While the regular season is complete, it is still going to feel very much like a new season when the NHL resumes play after five months in between games due to the coronavirus pandemic. Washington Capitals goaltender Braden Holtby has been known as a slow starter throughout his career, which leaves some questions as head coach Todd Reirden and GM Brian MacLellan previously emphasized that Holtby will be the team’s starter going into the playoffs. NoVa Caps looks at Holtby’s starts to seasons throughout his career.
Holtby understandably took time to adjust in his first season as the Capitals’ starter as he went 4-4-0 with an .877 save percentage, a 3.90 goals-against average, and one shutout. Even worse, the Capitals’ opponents during that stretch had an average points percentage of .513 and the team faced two of the NHL’s three worst teams in the Florida Panthers and Tampa Bay Lightning twice. Despite the rough start, Holtby went 19-8-1 (tied for first in wins) with a .930 save percentage (second), a 2.23 goals-against average (17th), and three shutouts (tied for fifth) the rest of the way.
Holtby started off the season slowly again but it would take him only four games to find his rhythm after an 0-3-0 start with an .873 save percentage and a 4.04 goals-against average. The opponents he faced were better than the prior year with an average points percentage of 546. After that slow start, he went 13-6-1 (tied for second in wins) with a .930 save percentage (11th), a 2.49 goals-against average (30th), and one shutout. Unfortunately, it would go downhill from there as the Capitals missed the Stanley Cup Playoffs for the first time in seven years despite Holtby finishing with a respectable .915 save percentage.
Holtby stopped 52 of 53 shots in his first two games of the season (.981 save percentage) but his play dipped for a few weeks after that as he posted a 2-3-1 record with an .859 save percentage and a 3.41 goals-against average. The opponents that Holtby faced during that stretch had an average point percentage of .550. He rebounded as he led the league with 37 wins, was 11th with a .927 save percentage, and tied for ninth with a 2.16 goals-against average the rest of the way to finish fourth in Vezina Trophy voting as the NHL’s best goaltender while leading the NHL with 64 games played during that span.
After allowing six goals on his first 54 shots-against (.889 save percentage) of the season, Holtby posted a 32-4-3 record (led NHL in wins) with a .930 save percentage (10th), a 2.00 goals-against average (third), and two shutouts through February 8 on his way to his first Vezina Trophy victory and tying Martin Brodeur’s NHL record with 48 wins during the regular season.
Holtby started the season in pretty solid fashion, going 9-3-1 (tied for third in wins) with a .930 save percentage (14th), a 1.91 goals-against average (eighth), and one shutout. He went through one mediocre stretch in late November where he went 1-3-0 with an .881 save percentage and a 3.33 goals-against average but would go 32-7-5 (led NHL in wins) with a .927 save percentage (tied for fourth), a 2.01 goals-against average (third), and eight shutouts (first) the rest of the way en route to his second straight Vezina Trophy nomination.
It wasn’t the start of the season that was the problem for Holtby that year as he started 28-10-2 (tied for second in wins) with a .916 save percentage (30th) and a 2.74 goals-against average (37th) despite facing an average of 32.4 shots-per-game (21st-most) after the Capitals lost three defensemen from the NHL’s top defensive unit the previous year. After that start, he went 1-5-1 with an .851 save percentage and a 4.82 goals-against average and lost the starter’s crease for a little while before reclaiming it and leading the Capitals to the franchise’s first Stanley Cup.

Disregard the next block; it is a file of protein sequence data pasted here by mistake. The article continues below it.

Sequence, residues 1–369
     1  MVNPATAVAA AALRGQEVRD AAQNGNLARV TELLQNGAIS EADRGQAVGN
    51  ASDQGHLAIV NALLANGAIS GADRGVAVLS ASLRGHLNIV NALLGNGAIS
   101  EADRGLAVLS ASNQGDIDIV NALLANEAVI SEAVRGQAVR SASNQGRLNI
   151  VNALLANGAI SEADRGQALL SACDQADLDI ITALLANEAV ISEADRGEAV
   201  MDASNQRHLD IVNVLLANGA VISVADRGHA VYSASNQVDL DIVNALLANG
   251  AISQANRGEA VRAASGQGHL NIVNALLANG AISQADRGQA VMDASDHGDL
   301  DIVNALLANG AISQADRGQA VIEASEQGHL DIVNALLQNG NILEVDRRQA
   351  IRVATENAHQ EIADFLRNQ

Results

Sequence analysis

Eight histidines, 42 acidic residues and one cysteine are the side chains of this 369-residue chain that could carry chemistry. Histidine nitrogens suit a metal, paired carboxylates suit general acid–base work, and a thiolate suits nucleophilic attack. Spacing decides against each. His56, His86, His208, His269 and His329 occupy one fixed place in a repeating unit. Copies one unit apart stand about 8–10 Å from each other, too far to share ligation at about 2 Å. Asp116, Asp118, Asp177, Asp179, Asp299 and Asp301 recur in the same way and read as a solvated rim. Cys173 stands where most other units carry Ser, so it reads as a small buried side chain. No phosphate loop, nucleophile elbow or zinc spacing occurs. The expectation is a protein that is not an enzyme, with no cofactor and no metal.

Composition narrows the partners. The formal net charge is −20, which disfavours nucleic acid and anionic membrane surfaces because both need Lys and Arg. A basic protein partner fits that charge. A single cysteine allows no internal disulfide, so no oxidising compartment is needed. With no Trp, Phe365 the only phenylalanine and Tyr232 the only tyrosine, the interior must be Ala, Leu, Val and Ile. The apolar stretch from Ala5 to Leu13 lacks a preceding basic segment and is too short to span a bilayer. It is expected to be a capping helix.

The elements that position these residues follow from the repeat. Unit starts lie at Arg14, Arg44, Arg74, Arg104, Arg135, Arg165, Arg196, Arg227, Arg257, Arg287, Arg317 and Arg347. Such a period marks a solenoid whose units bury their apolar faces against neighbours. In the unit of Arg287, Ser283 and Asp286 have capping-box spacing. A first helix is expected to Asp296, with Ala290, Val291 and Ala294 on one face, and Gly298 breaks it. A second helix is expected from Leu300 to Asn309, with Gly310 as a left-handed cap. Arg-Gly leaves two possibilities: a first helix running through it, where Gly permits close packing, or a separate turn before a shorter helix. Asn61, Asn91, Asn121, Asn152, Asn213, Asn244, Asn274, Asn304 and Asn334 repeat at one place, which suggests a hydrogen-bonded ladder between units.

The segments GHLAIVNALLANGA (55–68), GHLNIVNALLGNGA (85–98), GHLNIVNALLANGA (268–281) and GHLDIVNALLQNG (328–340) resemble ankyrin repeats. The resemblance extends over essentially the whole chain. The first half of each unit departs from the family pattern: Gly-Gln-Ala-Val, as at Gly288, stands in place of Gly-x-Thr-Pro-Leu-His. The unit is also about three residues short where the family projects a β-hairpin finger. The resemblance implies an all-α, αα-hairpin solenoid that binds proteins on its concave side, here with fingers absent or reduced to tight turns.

After posting a shutout in the season opener, Holtby went 4-5-2 with an .894 save percentage and a 3.52 goals-against average, though he faced an average of 33.2 shots-against per game (10th-most) in that span. His opponents had an average point percentage of .554. After missing two games due to injury, Holtby found his game as he posted a 12-6-0 record (tied for third in wins) with a .921 save percentage (tied for 11th), a 2.54 goals-against average (15th), and one shutout during the next two months.
Holtby got off to a slow start for the second straight year as he went 1-1-2 with an .846 save percentage and a 4.27 goals-against average despite facing an average of only 27.8 shots-per-game during that span. Only Columbus Blue Jackets goaltender Joonas Korpisalo (26.8) faced fewer. The opponents he faced early were hot, averaging a points percentage of .615. With rookie Ilya Samsonov performing admirably in his first couple NHL starts and Holtby set to become an unrestricted free agent at the season’s end, many questioned whether it was time to give Samsonov the net. But Holtby went 16-3-2 (led NHL in wins) with a .922 save percentage (tied for 12th) and a 2.45 goals-against average (16th) over the next two months.
In his last 10 games prior to the NHL Pause, Holtby went 5-3-2 with a .908 save percentage and a 2.87 goals-against average.
While the media has made a big deal out of how slowly Holtby has started the past four seasons, it has really been a major issue over the past two. While that may concern some fans, the Capitals’ ticket to the 2020 Stanley Cup Playoffs is already punched and the first three games of the tournament will be for seeding only. While solid netminding would be great for the round-robin, Holtby can use these matches to fine-tune his game. If Holtby gets hot, watch out. He has put together a long string of solid play after starting out slowly the past couple of seasons. Perhaps the motivation of being in a contract year will help the 30-year-old. As long as he is ready after the round-robin, that’s what matters the most.
By Harrison Brown.